The dollar pushed lower against the other major currencies on Wednesday, after the release of U.S. retail sales and producer price inflation data painted a mixed picture of the health of the U.S. economy.
The dollar extended losses against the euro, with EUR/USD up 0.49% at 1.1437.
The U.S. Commerce Department reported on Wednesday that retail sales increased by 0.1% last month, missing expectations for a gain of 0.2%.
Core retail sales, which exclude automobile sales, declined by 0.3% in September, worse than forecasts for a fall of 0.1%.
Data also showed that producer price inflation in the U.S. fell for the first time in five months in September.
Producer prices declined by 0.5% last month, worse than forecasts for a drop of 0.2%, while core PPI eased down by 0.3%, disappointing forecasts for a gain of 0.1%
In the eurozone, data on Thursday showed that industrial production fell 0.5% in August after an upwardly revised 0.8% increase in July.
The dollar was also lower against the yen, with USD/JPY down 0.35% to 119.30.
The safe-haven yen remained supported after data on Wednesday showed that the annual rate of inflation in China slowed to 1.6% in September, from 2.0% in August, compared to forecasts of 1.8%.
Producer prices were also lower, adding to concerns over deflationary pressures in the world’s second-largest economy. The report came one day after data showing that Chinese imports tumbled 20% last month.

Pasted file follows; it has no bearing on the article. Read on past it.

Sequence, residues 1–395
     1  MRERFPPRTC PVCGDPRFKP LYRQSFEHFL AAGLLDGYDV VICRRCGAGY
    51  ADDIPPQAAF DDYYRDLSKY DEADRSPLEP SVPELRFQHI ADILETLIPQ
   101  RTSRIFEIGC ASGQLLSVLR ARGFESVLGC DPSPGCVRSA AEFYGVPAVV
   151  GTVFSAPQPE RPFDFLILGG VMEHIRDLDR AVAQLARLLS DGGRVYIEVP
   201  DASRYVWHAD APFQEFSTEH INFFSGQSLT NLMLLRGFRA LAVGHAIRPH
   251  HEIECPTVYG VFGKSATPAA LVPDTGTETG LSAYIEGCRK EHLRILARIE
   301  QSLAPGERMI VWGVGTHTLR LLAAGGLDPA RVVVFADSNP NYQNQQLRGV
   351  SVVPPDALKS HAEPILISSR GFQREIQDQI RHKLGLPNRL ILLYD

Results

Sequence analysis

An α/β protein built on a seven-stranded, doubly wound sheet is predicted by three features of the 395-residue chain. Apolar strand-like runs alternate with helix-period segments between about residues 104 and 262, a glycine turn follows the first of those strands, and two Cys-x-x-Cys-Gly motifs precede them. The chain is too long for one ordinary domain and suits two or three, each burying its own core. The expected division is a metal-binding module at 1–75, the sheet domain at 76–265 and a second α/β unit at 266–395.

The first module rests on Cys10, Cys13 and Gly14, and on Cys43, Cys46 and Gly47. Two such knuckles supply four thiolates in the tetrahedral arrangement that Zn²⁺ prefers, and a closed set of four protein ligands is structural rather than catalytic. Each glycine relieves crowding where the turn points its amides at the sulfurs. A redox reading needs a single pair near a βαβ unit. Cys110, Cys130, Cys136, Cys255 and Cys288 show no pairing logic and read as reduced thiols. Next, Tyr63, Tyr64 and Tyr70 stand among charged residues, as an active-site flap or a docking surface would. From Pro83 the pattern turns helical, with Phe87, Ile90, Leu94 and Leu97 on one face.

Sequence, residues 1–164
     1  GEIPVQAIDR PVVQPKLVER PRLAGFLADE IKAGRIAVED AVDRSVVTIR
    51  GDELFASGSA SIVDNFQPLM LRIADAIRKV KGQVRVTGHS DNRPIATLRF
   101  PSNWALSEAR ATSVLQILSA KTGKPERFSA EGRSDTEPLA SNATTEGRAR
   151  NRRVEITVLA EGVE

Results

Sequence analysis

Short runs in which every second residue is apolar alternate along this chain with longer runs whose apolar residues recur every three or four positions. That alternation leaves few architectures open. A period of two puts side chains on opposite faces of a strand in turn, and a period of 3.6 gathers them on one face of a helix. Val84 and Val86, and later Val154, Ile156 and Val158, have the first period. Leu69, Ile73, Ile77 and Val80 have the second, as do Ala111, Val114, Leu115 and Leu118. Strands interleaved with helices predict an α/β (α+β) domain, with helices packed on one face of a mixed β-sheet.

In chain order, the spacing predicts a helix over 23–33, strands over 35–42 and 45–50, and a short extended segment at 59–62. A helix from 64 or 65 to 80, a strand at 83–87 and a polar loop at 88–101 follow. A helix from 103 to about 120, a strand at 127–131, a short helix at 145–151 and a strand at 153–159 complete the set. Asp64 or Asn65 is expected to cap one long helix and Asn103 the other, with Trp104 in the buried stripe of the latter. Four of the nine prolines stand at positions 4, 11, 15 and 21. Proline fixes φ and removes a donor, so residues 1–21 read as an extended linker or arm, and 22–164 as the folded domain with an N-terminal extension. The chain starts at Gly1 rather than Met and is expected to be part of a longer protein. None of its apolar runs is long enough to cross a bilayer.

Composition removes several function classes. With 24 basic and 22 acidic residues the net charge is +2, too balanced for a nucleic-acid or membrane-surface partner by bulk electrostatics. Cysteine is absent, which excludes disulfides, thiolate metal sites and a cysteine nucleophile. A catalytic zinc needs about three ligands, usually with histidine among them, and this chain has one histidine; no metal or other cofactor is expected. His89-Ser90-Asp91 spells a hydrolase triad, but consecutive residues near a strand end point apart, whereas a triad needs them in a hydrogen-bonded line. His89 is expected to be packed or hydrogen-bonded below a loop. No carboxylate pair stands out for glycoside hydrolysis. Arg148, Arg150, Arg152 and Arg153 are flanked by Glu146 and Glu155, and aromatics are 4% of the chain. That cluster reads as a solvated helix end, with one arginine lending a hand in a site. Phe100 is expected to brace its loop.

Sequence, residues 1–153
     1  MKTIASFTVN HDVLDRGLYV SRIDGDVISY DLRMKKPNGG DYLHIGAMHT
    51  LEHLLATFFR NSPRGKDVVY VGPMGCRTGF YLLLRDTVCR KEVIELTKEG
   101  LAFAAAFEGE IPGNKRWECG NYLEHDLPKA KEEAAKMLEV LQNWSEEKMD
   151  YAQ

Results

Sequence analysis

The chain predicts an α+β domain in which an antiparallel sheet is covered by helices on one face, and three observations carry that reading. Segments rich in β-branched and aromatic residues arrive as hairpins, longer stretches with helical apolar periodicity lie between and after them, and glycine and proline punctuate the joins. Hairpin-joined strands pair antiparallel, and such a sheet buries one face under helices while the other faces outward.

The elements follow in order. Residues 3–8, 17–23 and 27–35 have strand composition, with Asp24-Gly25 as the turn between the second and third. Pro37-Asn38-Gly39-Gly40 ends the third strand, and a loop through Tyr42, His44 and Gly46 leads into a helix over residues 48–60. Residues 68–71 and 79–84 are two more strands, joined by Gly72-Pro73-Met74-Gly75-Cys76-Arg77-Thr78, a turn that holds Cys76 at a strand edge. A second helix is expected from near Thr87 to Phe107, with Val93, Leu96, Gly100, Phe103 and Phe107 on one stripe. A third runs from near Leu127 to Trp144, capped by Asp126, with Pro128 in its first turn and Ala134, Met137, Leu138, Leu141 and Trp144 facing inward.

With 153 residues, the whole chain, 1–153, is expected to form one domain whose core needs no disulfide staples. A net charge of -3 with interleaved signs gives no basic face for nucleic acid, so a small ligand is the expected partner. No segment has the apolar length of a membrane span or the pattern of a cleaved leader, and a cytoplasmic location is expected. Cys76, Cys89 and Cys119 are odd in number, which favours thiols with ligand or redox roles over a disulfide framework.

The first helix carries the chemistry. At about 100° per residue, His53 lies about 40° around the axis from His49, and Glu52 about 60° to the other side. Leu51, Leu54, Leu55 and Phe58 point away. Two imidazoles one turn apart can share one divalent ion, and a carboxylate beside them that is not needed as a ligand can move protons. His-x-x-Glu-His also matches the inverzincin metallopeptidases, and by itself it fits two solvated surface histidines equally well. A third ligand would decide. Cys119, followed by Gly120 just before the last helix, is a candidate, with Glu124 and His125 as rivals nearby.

Elsewhere, the dollar pushed lower against the pound and the Swiss franc, with GBP/USD rallying 1.11% to 1.5417 and with USD/CHF retreating 0.56% to 0.9524.
The U.K. Office for National Statistics earlier said that the unemployment rate ticked down to a seven-year low of 5.4% in the three months to August from 5.5% in the preceding three-month period. It was the lowest unemployment rate since the second quarter of 2008.
The number of people claiming unemployment benefits rose by 4,600, bringing the total to 796,000
Average earnings, excluding bonuses, rose at an annual rate of 2.8% in the three months to August, while pay including bonuses rose by 3.0%.
The Australian and New Zealand dollars were stronger, with AUD/USD up 0.47% at 0.7278 and with NZD/USD jumping 1.79% to 0.6761.
Meanwhile, USD/CAD dropped 0.50% to trade at 1.2972.
The U.S. dollar index, which measures the greenback’s strength against a trade-weighted basket of six major currencies, was down 0.55% at 94.28, the lowest level since September 18.